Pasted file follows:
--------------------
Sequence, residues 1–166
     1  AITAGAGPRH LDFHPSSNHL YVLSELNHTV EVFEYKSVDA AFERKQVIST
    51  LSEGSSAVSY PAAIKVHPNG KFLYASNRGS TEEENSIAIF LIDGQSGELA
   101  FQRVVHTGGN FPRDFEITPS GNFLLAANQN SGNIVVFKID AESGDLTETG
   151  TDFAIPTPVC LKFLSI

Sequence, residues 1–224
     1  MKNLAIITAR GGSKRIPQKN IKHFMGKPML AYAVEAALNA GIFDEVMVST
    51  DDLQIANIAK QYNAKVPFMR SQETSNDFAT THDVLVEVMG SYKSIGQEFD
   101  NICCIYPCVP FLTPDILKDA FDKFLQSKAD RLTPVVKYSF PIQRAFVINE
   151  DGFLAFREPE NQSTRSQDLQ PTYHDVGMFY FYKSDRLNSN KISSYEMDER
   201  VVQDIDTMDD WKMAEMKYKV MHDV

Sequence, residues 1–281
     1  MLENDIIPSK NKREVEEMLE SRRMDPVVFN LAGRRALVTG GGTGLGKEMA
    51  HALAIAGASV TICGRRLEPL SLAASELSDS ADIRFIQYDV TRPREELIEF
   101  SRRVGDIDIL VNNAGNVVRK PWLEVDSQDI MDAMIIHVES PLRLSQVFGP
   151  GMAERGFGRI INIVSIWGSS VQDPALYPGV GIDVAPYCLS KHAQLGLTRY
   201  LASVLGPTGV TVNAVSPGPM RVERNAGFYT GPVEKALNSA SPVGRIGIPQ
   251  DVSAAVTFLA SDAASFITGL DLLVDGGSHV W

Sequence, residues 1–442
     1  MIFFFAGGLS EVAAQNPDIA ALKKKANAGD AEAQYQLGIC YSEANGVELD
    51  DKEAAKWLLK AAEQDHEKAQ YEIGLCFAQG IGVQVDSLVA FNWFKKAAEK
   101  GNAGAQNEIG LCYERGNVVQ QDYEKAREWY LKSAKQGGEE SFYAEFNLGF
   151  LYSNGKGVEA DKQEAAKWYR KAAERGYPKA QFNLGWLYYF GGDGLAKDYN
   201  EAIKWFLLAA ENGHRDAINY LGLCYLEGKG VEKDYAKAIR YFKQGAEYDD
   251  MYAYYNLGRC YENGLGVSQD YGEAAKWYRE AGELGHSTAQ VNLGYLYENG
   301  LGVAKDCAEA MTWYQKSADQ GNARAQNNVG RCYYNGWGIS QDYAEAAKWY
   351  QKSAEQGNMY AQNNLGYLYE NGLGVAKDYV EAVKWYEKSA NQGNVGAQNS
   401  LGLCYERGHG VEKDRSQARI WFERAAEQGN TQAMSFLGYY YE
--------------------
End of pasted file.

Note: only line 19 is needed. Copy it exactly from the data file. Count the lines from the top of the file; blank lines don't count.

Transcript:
Sequence, residues 1–442